Chester County Commissioners Marian Moskowitz, Josh Maxwell, and Michelle Kichline said in a joint statement that the program is a “milestone” in collaboration.
“For the first time, Good Works, Inc., Good Neighbors Home Repair, Habitat for Humanity of Chester County, and Housing Partnership of Chester County are combining forces on this innovative grassroots, community-driven program that has the potential to help so many Chester County residents,” the statement read. “We thank our state legislators for their backing of this important program — the first of its kind in the nation, and one which helps individuals and families stay warm, safe, and dry in homes they can afford.”
Coalition member estimates at least 3,500 Chester County homes are ‘substandard’
Good Works, Inc. is a nonprofit home repair ministry that repairs homes for families with low income throughout central and northern Chester County. The work is mainly accomplished by volunteers and is done at no cost to homeowners.
The Whole Home Repairs Coalition created the intake application in a way to properly divide up the work between the coalition partners.
“The application will then be distributed to the appropriate organization based on geographic area and income level,” said Bob Beggs, executive director of Good Works, Inc. “And then each of the organizations will do a final verification of the qualifications of the homeowner and once they are approved for services, the homeowner will be provided an agreement and a contract for that work to be accomplished.”
Beggs said the work is scheduled to be accomplished no later than December 31, 2026. Approved homeowners will be notified by December 31, 2024.
“Even in a county as wealthy as Chester County, which is recognized as the wealthiest county in Pennsylvania, we know of at least 3,500 — could be more now since COVID — substandard homes in the communities in this county,” Beggs said.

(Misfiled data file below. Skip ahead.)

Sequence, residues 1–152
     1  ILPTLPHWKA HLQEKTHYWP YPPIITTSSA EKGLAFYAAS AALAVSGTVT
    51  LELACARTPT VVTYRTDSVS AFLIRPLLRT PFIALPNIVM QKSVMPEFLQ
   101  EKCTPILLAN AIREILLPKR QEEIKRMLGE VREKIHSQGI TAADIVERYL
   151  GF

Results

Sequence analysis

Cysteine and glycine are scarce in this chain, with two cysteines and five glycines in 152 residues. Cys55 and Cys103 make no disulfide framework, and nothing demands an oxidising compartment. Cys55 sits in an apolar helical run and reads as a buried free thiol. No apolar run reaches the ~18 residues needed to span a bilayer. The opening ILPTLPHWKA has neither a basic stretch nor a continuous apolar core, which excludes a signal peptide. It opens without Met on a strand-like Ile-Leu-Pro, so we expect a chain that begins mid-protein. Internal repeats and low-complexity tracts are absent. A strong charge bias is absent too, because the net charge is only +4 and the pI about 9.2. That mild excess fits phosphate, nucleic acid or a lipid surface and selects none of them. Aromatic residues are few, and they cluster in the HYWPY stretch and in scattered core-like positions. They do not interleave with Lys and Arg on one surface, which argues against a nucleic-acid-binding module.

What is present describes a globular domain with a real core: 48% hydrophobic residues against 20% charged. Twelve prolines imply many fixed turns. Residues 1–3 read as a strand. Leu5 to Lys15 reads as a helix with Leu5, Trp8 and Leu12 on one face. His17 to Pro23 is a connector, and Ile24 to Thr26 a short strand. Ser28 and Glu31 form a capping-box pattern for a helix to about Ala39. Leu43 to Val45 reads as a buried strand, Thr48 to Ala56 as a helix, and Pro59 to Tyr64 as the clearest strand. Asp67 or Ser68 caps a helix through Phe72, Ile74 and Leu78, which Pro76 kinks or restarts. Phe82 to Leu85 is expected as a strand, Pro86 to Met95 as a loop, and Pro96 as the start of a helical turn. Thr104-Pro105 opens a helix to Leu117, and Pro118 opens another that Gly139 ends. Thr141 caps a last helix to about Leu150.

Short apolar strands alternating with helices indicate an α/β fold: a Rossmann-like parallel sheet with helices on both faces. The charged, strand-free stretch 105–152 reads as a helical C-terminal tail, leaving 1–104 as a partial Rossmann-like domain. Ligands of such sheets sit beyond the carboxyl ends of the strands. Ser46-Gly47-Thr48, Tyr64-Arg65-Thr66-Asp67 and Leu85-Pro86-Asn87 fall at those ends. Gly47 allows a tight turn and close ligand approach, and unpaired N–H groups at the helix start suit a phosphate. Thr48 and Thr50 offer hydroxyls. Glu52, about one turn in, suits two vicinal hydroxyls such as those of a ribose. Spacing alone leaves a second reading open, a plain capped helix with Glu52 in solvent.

A 2016 survey counted 197,721 total homes within the county limits.
In Beggs’ point of view, the coalition isn’t just addressing poverty by helping people to have warm, safe, dry and healthy homes, but it is also providing an opportunity for volunteers to help in that mission.
“And so it really becomes a neighbors helping neighbors program,” he said.
While he doesn’t anticipate there being any issues with the application process, Beggs acknowledged that Good Works has its own backlog of requests for support.
“We have a two-year backlog of people that have requested home repairs,” he said. “So this program will not only help us draw down that backlog of people that are already waiting for services, but will enable us to be able to help many more. We expect that there will be high demand for these services in the first few months.”
He added the coalition has pledged to help out as many people as possible until the money is completely gone.
“The good news for Chester County is the fact that the Chester County Housing Partnership,
Neighbors Habitat for Humanity, and Good Works are here, have been here before the Whole-Home Repairs program, and will be there after the Whole-Home Repairs program,” Beggs said. “And so all those organizations are committed to meeting the needs of low-income families who are struggling in our County.”